Technology changing lives of people with developmental disabilities

Chris Doerner talks about technology used in his apartment with John Martin.

By JAN LARSON McLAUGHLIN

BG Independent News

When Gov. John Kasich started pushing for technology to help people with developmental disabilities, John Martin was completely on board.

He recalled Kasich’s blunt message.

“You people are not using enough technology,” Martin said loudly, remembering Kasich blurting out orders.

(Martin can get away with that, since both he and Kasich are leaving their jobs at the end of the year.)

“He was demanding we use robots,” said Martin, who has a few weeks left as director of the Ohio Department of Developmental Disabilities.

Martin knew the answer was in using technology as remote supports, not robots – and he knew Kasich would support that since the governor had declared Ohio as a “technology first” state.

Martin visited Wood County Developmental Disabilities on Friday to see how technology is being put to use here.

He heard from Chris Doerner, who is able to live by himself in an apartment – thanks to technology.

“It helps me be safe at home,” Doerner told Martin and a roomful of people gathered to see the state director.

In simple terms, Doerner has sensors in his door, and a two-way TV in his apartment, that allows his family and Wood Lane staff  to check in on him.

“It’s neater than having somebody hanging around your house,” Martin asked.

“Yup,” Doerner said.

And when he wants privacy, “you can turn it off,” Martin asked.

“Yup,” Doerner replied.

That is just one example of using technology to allow someone to live more independently.  Yes, it also saves on personnel costs, but the primary goal is to improve the lives of people with developmental disabilities.

In many cases, technology allows families to place their adult children in independent living situations with far less worry.

Martin talked about other technology success stories. He told of a man whose son has autism. The son liked his days to be predictable, with events going in sequential order. The family realized that if their son was up and in the shower at 5:45 a.m., then he would have a good day, Martin said. So the dad installed a sensor, so he could tell if the shower was running at 5:45 a.m. If not, the dad knew to give his son a wakeup call.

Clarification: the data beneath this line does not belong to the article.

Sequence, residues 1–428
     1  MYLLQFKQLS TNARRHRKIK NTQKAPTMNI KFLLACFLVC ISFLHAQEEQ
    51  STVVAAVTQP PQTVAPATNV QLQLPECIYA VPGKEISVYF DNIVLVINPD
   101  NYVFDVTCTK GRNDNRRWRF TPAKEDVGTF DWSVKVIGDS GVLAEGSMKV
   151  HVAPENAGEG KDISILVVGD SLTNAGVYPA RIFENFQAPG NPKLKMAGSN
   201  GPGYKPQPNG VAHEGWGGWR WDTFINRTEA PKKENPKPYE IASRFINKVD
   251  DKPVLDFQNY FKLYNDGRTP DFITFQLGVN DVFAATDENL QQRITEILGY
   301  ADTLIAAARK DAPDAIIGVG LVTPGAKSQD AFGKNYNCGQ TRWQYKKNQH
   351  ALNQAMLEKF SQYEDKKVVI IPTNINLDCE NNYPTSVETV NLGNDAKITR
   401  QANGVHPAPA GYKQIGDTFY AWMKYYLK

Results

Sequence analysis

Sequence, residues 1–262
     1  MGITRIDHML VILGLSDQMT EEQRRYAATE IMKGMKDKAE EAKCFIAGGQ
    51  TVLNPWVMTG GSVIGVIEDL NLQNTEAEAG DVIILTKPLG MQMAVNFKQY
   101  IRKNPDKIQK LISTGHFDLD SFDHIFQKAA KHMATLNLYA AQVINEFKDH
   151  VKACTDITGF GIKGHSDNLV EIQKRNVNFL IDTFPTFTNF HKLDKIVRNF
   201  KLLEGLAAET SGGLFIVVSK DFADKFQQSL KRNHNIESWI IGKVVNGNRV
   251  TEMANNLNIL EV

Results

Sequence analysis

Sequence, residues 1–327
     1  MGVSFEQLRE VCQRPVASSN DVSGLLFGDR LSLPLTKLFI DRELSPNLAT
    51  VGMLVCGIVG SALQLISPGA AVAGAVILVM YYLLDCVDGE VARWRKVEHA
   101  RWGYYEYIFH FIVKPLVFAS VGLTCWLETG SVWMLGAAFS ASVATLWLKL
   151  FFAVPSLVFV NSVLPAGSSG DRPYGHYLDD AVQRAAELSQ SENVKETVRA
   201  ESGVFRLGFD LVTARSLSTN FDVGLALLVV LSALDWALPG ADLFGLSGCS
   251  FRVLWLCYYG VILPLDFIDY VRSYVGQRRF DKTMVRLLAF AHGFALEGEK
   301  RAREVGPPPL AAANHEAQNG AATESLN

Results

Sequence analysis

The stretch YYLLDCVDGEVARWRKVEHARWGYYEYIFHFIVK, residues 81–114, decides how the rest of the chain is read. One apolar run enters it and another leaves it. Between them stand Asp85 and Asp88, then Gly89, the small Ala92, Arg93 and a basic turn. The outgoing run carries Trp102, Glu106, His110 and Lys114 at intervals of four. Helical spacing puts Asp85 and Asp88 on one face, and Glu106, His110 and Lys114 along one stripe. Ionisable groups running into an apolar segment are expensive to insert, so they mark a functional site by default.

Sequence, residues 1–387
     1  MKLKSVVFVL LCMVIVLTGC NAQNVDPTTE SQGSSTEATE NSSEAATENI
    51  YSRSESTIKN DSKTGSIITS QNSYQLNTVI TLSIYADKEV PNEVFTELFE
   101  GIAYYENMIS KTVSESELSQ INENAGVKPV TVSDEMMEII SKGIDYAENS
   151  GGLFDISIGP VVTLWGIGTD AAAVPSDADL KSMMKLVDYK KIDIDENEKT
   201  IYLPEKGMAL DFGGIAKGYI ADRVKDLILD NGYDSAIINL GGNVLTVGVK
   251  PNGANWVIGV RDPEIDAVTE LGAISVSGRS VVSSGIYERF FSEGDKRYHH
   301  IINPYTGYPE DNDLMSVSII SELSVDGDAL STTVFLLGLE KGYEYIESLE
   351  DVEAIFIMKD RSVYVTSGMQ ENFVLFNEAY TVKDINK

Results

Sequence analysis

Technology is being used around the state to increase safety for people with developmental disabilities, while decreasing staff and family intervention.

“It’s not about saving money. It’s about making people’s lives better,” Martin said.

Technology is helping across the state with telepsychology services being provided remotely. It has been found that people with autism are often able to engage in better eye contact and communication when talking to a therapist through a screen rather than in person, he said.

Martin talked about one person who had a history of being aggressive to staff and running away from his home. Once the staff was removed from the home and replaced by at two-way screen, the man’s behavior changed.

“Without staff in the house, he stopped running away,” Martin said. “Without staff in the house, he stopped attacking people.”

Technology improved that man’s life and gave him independence he had never had before. At the same time, the support costs for that one person dropped from $145,000 a year to $45,000 a year.

Technology is also helping with health issues, he said, telling of a woman who wears a watch that reports to 911 if she has a seizure. The watch can also activate a camera in her apartment and record how many seizures she has and and how long they last.

Martin made it clear that technology will never replace staff members in the care of people with developmental disabilities.

He recalled when the push for technology first occurred six or seven years ago as Ohio was coming out of the recession. County services caring for people with developmental disabilities had very tight budgets and had difficulty finding employees.

“We were struggling with workforce issues, and it’s only gotten worse,” Martin said.

“It isn’t just about saving money, but it does save money,” he said. “It isn’t just about reducing staff, but it does reduce staff. What it’s really about is we’re seeing improvements in people’s lives.”

Martin praised Wood County Developmental Disabilities for making use of technology to help local residents.

“You’re one of our shining stars of counties,” he said.

But not every county is taking advantage of technology, so Martin said he uses his own high-tech way to convince them to get on board.

“It’s called public shaming,” he said, showing a map of Ohio’s 88 counties with different shading according to their use of technology.

Randy Gardner and Brent Baer thank John Martin for his 12 years of service.

In addition to Martin sharing tech ideas on Friday, he was also recognized for his 12 years as director of the Ohio Department of Developmental Disabilities. He was able to transcend two governors from two political parties, said Brent Baer, director of Wood County Developmental Disabilities.

“This is an all-star here,” State Sen. Randy Gardner, R-Bowling Green, said of Martin. “He is one of, if not the best cabinet official I’ve worked with in Columbus.”

When Kasich took over after Gov. Ted Strickland, Gardner said his first phone call to the new governor was to push for Martin’s position to be extended.

“You’ve got to keep John Martin,” Gardner remembered saying.

Martin transcends politics, to do what is right, Gardner said. “You’ve been a giant in the Developmental Disabilities field. You’re going to be missed.”

print